The other answer proves more disturbing. America no longer manufactures much of anything, aside from weapons. Our manufacturing base has eroded to the point where America’s main profit centers now involve intangible like finance and “intellectual property” such as movies and music CDs and software.

    We can only enforce draconian intellectual property treaties like ACTA if we have a military so huge it makes the rest of the world tremble. So the other answer is that the vast profits from American finance and software and moviemaking and music business (which are all forms of Ponzi schemes which produce intangible “products” whose value is only determined by what Americans can force other countries to pay for these intangible things) can only be maintained by holding a gun to the rest of the nations on earth in the form of the U.S. military.
    .
    .
    FM reply: I was hoping for a more hopeful answer, but this makes sense. One aspect of this is too bleak, however…

    “America no longer manufactures much of anything, aside from weapons.”

    That’s a myth. Manufacturing output in the US has increased steadily for generations, but at a rate slower than the overall growth of the US economy. Hence manufacturing’s contribution to GDP was only 11.%, vs. 20% in 1980. Just like agriculture. See the BLS tables here.

    One of the major problems with US manufacturing is the overvalued dollar (much as the overvalued pound was for the UK after WWI). When the bizarre large imbalances in the global economy right themselves, our trade deficit will melt away. That can happen in many ways, some more pleasant for us than other. I recommend that we do not continue trusting to luck in these matters. Some planning and effort now might prevent much pain in the future.

    Like

  25. mclaren permalink
    2 January 2010 9:14 am

    FM claims: That’s a myth. Manufacturing output in the US has increased steadily for generations, but at a rate slower than the overall growth of the US economy. Hence manufacturing’s contribution to GDP was only 11.%, vs. 20% in 1980. Just like agriculture.

    Sorry, the myth that manufacturing in America has declined is a myth. The vast majority of the so-called “increase” in American manufacturing in the BLS tables comes from arms production for the Pentagon.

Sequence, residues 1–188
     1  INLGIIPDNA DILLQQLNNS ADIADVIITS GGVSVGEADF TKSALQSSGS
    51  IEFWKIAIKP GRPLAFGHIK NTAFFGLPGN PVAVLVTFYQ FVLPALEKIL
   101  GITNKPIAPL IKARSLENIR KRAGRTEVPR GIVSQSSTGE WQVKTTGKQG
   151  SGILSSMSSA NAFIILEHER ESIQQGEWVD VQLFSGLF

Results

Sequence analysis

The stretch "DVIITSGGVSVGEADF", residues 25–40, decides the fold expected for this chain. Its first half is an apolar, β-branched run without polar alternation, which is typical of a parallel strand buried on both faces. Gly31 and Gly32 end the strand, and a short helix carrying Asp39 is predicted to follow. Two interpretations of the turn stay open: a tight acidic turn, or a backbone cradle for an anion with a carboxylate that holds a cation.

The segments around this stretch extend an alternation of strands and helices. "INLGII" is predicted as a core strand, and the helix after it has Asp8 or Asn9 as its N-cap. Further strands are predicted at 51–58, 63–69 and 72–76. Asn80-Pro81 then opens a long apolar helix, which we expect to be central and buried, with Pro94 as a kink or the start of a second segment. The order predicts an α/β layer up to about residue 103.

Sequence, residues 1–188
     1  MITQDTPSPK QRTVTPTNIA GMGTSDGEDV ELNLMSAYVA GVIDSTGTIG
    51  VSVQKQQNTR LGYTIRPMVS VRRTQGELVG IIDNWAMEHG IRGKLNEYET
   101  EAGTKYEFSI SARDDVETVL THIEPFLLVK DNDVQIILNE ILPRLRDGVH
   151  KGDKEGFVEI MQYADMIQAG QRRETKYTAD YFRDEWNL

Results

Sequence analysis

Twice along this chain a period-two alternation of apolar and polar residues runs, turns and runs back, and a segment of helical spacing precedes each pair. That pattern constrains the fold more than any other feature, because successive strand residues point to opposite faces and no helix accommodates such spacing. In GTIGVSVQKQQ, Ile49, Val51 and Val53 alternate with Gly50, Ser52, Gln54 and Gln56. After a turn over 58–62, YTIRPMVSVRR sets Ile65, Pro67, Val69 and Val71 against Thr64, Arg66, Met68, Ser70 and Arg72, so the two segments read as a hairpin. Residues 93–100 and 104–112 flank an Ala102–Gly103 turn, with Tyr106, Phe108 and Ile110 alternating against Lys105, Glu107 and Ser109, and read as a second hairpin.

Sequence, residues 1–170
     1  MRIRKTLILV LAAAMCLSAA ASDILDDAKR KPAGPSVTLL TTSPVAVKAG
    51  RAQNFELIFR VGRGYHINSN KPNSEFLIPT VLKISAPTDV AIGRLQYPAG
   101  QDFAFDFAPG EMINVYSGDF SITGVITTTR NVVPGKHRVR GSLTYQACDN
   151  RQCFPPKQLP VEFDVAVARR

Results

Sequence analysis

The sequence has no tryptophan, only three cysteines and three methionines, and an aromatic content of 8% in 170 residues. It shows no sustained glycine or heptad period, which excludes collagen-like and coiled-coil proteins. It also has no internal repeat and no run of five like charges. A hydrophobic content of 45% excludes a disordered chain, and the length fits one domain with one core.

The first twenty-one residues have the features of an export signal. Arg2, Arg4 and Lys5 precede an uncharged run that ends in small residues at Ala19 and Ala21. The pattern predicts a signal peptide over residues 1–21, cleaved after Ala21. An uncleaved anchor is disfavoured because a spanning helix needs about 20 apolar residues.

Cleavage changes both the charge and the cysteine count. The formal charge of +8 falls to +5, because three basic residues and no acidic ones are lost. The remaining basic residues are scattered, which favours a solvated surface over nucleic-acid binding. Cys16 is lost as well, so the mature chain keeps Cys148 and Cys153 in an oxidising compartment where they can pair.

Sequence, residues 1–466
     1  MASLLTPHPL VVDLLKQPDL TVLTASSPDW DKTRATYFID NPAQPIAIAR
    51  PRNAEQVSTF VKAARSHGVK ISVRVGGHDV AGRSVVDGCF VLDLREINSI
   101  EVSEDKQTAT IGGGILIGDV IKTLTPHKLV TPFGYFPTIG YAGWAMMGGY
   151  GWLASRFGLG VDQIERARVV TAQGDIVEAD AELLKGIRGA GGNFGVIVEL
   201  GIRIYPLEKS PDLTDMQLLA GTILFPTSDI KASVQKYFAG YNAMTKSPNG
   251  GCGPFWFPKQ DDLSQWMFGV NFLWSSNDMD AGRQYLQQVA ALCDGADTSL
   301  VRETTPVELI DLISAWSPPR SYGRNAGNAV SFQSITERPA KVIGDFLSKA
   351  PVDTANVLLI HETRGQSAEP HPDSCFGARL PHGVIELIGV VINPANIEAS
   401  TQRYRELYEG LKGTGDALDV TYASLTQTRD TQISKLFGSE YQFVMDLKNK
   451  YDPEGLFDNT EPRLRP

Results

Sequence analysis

Not only has skyrocketing military spending crowded out domestic manufacturing, the hard cold statistics proves that military spending produces far fewer jobs per dollar than domestic manufacturing. So it’s a double whammy.

    Before citing lumped bulk statistics like the ones the BLS puts out, you need to do some research and disentangle the components of the bulk durable goods orders statistics. The evidence that American manufacturing is disappearing far faster than the simple “growth” in the U.S. economy (quotes, because most of the so-called “growth” in the U.S. economy over the last 30 years has occurred in the financial services sector, which is simply a Ponzi scheme) is overwhelming and conclusive and incontrovertible. Just look at the chart. America makes essentially nothing but weapons today.

    Congress’ own research arm of course agrees with me and with the evidence and with most economists, and disagrees with FM. To quote from congress’ U.S.-China Economic Security and Growth Commission {FM note, this is from their 2006 report}

    “As the U.S. manufacturing base diminishes, the U.S. military risks losing its ability to easily, quickly and reliably procure much-needed weapons systems, components and spare parts,” says the U.S.-China Economic and Security Review Commission (USCC), an entity created by Congress in 2000 to serve as a watchdog for the worrisome Chinese military growth trend. “With a smaller industrial base to draw from, military leaders are increasingly concerned about maintaining warfare capabilities, especially in the event of actions not supported by the People’s Republic of China.”